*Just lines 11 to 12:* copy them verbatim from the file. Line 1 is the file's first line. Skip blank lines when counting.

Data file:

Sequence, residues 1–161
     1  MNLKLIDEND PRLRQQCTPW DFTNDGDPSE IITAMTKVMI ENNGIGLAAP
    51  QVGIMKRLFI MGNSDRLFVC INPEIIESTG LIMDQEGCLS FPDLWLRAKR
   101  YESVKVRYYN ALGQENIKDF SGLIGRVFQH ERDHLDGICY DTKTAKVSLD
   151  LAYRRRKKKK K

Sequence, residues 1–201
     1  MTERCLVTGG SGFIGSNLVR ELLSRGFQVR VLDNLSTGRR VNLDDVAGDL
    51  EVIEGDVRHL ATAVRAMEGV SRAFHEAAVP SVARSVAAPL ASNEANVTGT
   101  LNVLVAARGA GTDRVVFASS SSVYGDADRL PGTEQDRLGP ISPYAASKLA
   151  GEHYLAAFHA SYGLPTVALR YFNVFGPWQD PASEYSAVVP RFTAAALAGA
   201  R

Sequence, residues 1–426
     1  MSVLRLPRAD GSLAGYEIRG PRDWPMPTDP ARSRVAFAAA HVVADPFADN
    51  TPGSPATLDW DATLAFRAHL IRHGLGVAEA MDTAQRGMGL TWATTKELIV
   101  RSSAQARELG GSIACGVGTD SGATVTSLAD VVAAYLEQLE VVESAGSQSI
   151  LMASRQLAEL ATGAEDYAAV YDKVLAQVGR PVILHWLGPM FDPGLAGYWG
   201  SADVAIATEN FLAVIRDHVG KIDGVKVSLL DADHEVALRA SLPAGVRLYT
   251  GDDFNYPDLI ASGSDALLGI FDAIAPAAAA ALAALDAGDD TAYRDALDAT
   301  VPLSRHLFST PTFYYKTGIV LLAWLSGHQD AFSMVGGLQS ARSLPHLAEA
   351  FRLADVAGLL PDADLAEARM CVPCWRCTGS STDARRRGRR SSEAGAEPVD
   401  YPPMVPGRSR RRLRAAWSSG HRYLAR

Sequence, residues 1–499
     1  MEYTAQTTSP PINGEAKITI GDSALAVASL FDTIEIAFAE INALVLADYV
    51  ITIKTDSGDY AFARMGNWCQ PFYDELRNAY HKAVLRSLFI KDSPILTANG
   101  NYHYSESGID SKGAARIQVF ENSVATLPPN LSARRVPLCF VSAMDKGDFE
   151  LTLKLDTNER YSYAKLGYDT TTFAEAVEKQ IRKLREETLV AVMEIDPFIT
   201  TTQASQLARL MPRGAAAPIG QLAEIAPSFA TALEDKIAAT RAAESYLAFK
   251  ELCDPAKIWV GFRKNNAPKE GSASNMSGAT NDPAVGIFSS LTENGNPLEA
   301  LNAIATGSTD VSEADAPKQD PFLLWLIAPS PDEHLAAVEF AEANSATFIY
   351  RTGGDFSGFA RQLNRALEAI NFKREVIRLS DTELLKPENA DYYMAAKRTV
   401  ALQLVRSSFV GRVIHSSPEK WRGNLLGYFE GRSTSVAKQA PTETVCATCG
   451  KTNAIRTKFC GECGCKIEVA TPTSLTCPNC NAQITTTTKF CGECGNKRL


   201  R

Sequence, residues 1–426